Spa WEC: Toyota Takes 1-2, Alonso Wins On Debut
Toyota secured a one-two finish in the opening round of the FIA World Endurance Championship superseason at Spa, with Fernando Alonso’s car taking a narrow win.
The #8 TS050 Hybrid Alonso shared with Sebastien Buemi and Kazuki Nakajima looked to be on course for an untroubled victory for the majority of the race, helped by the sister #7 car being forced to start from the pitlane.
By the time the #7 Toyota had recovered to second place in the third hour, the #8 car was the best part of a minute ahead, despite Nakajima having to make an extra pitstop for his seatbelts not being fastened correctly and then spinning at La Source shortly afterwards.
The two Toyotas circulated around a minute apart until a late safety car period was caused by a big crash for Matevos Isaakyan in the #17 SMP Racing BR1-AER at the top of Eau Rouge at the five-hour mark.
That bunched up the pack, not long after Alonso had taken over from Nakajima for a final double stint, and Mike Conway took the restart in the #7 car hot on the Spaniard’s heels.
However, despite closing to within a second of the two-time Formula 1 champion at one stage, Conway never attempted a pass, and duly crossed the line 1.4 seconds behind the victorious Alonso.
Rebellion Racing took third and fourth in the first race for its pair of new Oreca-built R-13-Gibsons, having emerged as clearly the quickest of the non-hybrid teams.
The #1 car of Andre Lotterer, Neel Jani and Bruno Senna survived two trips to the pits due to transponder issues to take the final step on the podium, two laps down on the Toyotas.
Thomas Laurent, Gustavo Menezes and Mathias Beche took fourth in the #3 car, which had been battling the #17 SMP entry for the final podium spot until Isaakyan’s crash.
The ByKolles ENSO CLM P1/01-Nissan shared by Tom Dillmann, Oliver Webb and Dominik Kraihamer took a distant fifth, a further three laps back on the Rebellion pair, while the #11 SMP car of Mikhail Aleshin and Vitaly Petrov was last of the LMP1 finishers in sixth.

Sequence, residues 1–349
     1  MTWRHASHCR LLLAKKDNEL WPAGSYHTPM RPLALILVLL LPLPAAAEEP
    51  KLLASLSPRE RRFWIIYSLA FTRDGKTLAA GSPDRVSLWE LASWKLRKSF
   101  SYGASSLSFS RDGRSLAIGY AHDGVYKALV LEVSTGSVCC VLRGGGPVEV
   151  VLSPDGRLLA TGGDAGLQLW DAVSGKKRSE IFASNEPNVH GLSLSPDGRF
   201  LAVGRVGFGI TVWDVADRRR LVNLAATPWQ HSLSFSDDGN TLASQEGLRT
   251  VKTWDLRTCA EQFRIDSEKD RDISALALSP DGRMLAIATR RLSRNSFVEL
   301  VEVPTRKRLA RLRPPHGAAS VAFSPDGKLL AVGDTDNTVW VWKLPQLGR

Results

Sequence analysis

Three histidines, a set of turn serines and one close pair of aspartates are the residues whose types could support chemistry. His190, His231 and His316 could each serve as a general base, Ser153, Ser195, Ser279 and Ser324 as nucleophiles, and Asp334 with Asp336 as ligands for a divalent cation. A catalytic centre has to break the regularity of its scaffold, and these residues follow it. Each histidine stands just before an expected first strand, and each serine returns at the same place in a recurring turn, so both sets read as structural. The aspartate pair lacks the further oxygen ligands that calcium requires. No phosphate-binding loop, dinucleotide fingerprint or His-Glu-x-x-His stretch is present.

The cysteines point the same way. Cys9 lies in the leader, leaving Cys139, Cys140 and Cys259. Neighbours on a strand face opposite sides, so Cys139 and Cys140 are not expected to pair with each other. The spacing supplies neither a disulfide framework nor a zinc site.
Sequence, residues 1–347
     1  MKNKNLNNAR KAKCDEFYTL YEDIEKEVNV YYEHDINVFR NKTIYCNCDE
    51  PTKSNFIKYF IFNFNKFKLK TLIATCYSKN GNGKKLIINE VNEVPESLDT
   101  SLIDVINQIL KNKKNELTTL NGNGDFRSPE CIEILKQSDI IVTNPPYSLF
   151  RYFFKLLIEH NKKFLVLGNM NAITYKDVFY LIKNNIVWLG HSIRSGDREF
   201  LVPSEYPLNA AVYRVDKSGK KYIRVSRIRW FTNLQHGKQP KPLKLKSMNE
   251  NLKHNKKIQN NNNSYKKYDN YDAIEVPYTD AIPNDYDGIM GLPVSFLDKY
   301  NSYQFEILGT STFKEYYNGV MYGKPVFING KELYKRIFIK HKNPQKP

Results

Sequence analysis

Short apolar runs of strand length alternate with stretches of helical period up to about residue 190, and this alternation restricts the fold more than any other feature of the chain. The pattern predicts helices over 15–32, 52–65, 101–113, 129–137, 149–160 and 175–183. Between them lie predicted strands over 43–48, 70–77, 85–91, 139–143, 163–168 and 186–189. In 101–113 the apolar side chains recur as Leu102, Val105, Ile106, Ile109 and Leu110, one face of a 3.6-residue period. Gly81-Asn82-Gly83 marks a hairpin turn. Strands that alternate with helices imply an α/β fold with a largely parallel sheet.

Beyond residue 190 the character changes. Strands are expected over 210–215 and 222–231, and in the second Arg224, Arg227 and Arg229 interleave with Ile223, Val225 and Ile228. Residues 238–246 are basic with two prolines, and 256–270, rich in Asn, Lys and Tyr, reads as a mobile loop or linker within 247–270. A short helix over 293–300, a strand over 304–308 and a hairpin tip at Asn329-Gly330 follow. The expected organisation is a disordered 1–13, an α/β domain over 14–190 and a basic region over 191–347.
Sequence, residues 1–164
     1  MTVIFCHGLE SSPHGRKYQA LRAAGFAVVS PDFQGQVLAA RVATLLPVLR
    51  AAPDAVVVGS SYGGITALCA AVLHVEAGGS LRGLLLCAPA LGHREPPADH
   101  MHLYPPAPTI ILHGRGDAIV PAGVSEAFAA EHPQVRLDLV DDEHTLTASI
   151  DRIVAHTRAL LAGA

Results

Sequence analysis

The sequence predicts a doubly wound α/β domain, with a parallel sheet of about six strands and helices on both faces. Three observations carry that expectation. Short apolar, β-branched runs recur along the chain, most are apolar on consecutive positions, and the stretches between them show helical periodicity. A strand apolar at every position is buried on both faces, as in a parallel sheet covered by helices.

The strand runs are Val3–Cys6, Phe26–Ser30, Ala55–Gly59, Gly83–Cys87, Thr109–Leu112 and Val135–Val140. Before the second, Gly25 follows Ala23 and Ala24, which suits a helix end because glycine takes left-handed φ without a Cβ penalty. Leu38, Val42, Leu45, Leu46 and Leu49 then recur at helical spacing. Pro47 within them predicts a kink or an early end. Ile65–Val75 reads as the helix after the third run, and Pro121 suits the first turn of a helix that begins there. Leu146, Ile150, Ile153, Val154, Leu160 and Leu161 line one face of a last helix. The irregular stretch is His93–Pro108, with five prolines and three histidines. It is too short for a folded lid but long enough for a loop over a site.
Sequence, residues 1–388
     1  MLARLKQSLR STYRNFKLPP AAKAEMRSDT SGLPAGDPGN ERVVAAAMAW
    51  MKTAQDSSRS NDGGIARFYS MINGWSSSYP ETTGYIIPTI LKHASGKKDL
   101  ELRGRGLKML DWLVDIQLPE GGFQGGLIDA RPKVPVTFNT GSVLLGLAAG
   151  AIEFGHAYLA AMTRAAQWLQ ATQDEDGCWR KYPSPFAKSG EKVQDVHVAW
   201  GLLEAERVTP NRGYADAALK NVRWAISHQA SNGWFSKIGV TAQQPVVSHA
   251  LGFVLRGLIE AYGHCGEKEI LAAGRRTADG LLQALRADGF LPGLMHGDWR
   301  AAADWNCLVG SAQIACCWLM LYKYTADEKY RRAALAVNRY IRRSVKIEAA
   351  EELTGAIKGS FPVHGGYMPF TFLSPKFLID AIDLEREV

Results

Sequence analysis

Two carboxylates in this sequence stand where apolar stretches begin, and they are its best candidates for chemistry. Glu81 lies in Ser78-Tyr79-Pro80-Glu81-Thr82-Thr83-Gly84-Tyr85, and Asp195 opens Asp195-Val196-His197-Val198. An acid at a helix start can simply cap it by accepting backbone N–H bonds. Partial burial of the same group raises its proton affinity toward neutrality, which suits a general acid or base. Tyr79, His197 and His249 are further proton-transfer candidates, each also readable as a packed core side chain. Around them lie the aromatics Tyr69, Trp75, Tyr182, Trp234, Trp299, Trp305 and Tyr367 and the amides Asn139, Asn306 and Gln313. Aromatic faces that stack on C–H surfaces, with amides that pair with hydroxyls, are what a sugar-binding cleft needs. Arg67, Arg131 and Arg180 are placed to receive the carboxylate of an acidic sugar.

G-Drive takes LMP2 spoils
G-Drive Racing took a straightforward LMP2 class win in its wildcard Oreca entry driven by Jean-Eric Vergne, Roman Runsinov and Andrea Pizzitola.
The #26 Oreca had held a lead of more than a minute before the final safety car, and despite having that advantage heavily reduced Vergne was still able to finish 21 seconds clear of the opposition.
Jackie Chan DC Racing’s #38 Oreca beat the #36 Signatech Alpine Oreca to second as Ho-Pin Tung jumped ahead of Andre Negrao in the final round of pitstops.
Pastor Maldonado finished sixth on his WEC debut in the DragonSpeed Oreca he shared with Nathanael Berthon and Roberto Gonzalez after being delayed by a brief stoppage on track and a drive-through penalty for pitlane speeding.
Giedo van der Garde enjoyed a spell out front early on in the race in the #29 Racing Team Nederland Dallara before his charge was halted by an alternator problem.
Ford beats Porsche to GTE Pro honours
Ford trio Olivier Pla, Stefan Mucke and Billy Johnson took victory in the GTE Pro class in the #66 Ganassi-run GT following a heavy crash for Harry Tincknell at Eau Rouge in the sister car.
Tincknell was running second behind the sister Ford when he lost control and crashed head-on in the barriers at the start of the second hour, bringing out the safety car.
The Briton emerged unharmed, but the cause of the crash remains unknown pending a post-race investigation by Ford.
Tincknell’s crash made it a three-horse race between the #66 Ford and the two works Porsche 911s RSR, with Richard Lietz and Gianmaria Bruni having pulled out a 20-second gap in the #91 Porsche after Lietz passed Mucke for the lead in the third hour.
But Isaakyan’s crash reset their fight at the start of the final hour, and Pla was able to get the place and back and open up a gap to take a comfortable victory.
After being passed by Pla, Lietz was demoted a further place by Michael Christensen in the #92 Porsche the Dane shares with Kevin Estre, which went on to take second.
Lietz then continued to haemorrhage time due to a worn right-front tyre, and after a late dogfight was beaten to third by the #71 Ferrari 488 GTE of Davide Rigon and Sam Bird.
The #51 Ferrari of James Calado and Alessandro Pier Guidi had been ahead of the #71 car until Calado got involved in a pitlane scrape with the #56 Porsche of Egidio Perfetti that consigned it to the garage.
BMW finished fifth with the best of its M8 GTEs on its WEC debut, while the new Aston Martin Vantages were sixth and seventh.
The GTE Am class was won by the #98 Aston Martin Vantage after Pedro Lamy fended off the #90 TF Sport Aston of Euan Hankey in a nailbiting finish.
A 35-second advantage for the works car was reduced to five by the final safety car, after which Hankey closed in and put Lamy under big pressure in the closing minutes.
The pair made contact at the Bus Stop chicane as they duked it out for the win, but Lamy held on to the win by just 0.221s at the finish in the car he shares with Mathias Lauda and Paul Dalla Lana.